However, this sign has been less common as people have been able to conceal the bruises as they fear confrontation by the outside world. Moreso, one may want to conceal his or her pain through being over-confident than they were before the incident. This is normally dominant to those who were reserved and shy before the act. However, this sign is rare although it may take place. It is also vitally crucial that in our quest to discern one’s problems in relation to domestic violence, we do not confuse it with one’s self-esteem!

How to deal with domestic violence and whom to talk to?

From a personal level, one can deal with domestic violence by being calm and seek help from other people within our society who are able to provide sound advice on the issue. It is important that we note that if a person has been a victim of domestic violence, it does not strip him or her of their dignity and respect within society.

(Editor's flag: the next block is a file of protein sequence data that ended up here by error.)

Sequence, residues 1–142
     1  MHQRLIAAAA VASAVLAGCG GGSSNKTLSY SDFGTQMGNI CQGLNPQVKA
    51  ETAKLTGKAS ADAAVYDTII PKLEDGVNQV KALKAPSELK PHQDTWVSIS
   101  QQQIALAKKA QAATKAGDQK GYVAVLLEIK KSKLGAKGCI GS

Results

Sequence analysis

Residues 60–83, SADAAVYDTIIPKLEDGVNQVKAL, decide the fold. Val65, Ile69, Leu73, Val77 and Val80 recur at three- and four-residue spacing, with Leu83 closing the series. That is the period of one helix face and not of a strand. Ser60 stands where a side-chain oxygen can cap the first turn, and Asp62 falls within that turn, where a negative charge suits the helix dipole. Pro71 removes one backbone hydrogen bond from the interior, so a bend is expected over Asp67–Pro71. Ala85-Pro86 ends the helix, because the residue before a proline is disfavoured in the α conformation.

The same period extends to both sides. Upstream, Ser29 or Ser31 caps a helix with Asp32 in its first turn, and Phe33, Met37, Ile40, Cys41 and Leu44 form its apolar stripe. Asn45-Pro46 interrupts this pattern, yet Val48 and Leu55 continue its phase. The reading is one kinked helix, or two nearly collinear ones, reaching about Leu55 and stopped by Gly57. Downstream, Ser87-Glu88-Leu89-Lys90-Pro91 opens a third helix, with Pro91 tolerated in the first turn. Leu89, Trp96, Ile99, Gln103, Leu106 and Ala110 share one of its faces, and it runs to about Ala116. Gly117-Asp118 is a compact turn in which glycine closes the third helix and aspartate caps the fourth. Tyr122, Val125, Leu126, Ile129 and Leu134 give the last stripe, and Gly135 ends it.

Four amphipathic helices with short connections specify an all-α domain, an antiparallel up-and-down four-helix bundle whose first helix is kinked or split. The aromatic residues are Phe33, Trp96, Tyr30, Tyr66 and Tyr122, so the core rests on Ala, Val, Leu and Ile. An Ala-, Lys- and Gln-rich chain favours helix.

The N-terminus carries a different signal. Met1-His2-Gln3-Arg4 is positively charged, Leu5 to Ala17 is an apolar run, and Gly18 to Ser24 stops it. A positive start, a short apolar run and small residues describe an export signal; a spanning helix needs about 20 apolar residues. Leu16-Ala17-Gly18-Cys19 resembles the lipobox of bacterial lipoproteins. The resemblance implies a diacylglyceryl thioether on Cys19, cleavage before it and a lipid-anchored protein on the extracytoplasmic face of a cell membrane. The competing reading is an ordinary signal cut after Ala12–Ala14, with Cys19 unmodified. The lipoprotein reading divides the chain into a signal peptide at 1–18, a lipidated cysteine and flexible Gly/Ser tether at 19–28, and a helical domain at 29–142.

We as a society have to be there for these individuals since that is the time they need us the most in society. Therefore, myths and misconceptions that domestic violence cases are not reported to the police because of relations and ties of blood or marriage should be discarded forthwith from our daily lives. Whenever you have been a victim of domestic violence, you need to report immediately to the nearest police station so that justice takes its course. For emotional support one may need to get help from counselors who can be consulted in various institutions such as Population Services International, Plan International, and Adult Rape Clinic.

It is all up to us within the society that we ensure the safety of everyone. We have to ensure that the world is a nice place to dwell in for everyone who stays in it. It starts with you!!! Tell a friend to tell a friend.

Together we can fight the battle against domestic violence in our societies!!!



By Marist Nyanga & Kriste Mambo Leos